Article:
Fake illness claims by British holidaymakers might cause tighter rules
Date: October 14,2017
Time: 3
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Fake illness claims by British holidaymakers might cause tighter rules

The government is planning for new attempts to eliminate fake holiday sickness claims by some British holidaymakers.

There has been a seven fold rise in the last three years in the number of sickness claims. This is despite there being no increase in in-resort reporting of incidents, nor any rise in claims from other nationalities.

With the tighter rules in place for the PPI, holiday sickness claims have become the ‘new whiplash’. So much so that, some firms are cold-calling people to tell them, falsely, that “a fund has been set up to compensate for deficiencies in hotel hygiene”. In fact, some touts even tell the holidaymakers that they can earn thousands if they put in sickness claims. Most of the time, the tour operators prefer to settle the holiday sickness claims out of court rather than challenge them legally. This is for the fact that if the claim arises abroad and legal costs are not controlled, it can be out of all proportion to the damages claimed. In a case with an award for £5,000 in damages, costs can amount to £25,000. ABTA found that the total projected cost of claims to the industry in 2016 was to be in excess of £240m.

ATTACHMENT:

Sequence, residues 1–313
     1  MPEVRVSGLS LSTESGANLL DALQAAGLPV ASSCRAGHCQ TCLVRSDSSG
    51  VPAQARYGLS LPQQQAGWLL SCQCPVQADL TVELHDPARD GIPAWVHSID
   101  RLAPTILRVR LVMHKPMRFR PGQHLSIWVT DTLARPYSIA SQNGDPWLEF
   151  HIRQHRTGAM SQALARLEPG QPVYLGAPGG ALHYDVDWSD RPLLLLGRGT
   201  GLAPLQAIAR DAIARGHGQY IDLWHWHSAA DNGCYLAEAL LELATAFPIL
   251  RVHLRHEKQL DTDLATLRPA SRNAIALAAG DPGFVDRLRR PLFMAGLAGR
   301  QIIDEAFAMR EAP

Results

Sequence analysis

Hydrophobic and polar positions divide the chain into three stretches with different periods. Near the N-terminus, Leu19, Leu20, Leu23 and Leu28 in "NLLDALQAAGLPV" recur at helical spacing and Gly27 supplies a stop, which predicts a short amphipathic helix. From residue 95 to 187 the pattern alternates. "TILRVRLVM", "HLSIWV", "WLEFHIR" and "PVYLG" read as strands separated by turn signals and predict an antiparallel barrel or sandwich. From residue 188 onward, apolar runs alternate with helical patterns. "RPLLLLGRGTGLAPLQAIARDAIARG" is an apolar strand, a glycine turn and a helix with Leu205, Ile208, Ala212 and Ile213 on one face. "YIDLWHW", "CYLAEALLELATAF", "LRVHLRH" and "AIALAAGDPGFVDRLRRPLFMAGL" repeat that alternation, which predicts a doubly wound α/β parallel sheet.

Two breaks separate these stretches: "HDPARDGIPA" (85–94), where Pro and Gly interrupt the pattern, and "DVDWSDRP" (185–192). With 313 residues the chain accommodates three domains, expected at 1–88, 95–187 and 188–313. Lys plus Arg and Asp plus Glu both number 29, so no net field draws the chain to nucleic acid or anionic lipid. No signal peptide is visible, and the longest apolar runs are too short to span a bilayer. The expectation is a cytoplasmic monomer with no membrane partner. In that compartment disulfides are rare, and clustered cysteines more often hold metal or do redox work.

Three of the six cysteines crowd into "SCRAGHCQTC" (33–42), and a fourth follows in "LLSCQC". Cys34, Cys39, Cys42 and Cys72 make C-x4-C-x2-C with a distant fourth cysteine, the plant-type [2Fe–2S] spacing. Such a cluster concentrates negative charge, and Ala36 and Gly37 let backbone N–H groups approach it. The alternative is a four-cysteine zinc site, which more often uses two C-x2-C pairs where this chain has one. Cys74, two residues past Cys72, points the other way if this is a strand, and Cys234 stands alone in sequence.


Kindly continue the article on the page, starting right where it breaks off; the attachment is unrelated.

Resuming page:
Ministers have put forward proposals which would mean tour operators would pay a prescribed sum depending on the value of the claim, making defence costs predictable and helping to deter bogus claims.

The ministry will gather evidences over the false sickness claims in the coming four weeks and with things not in right places, can call for new regulations.

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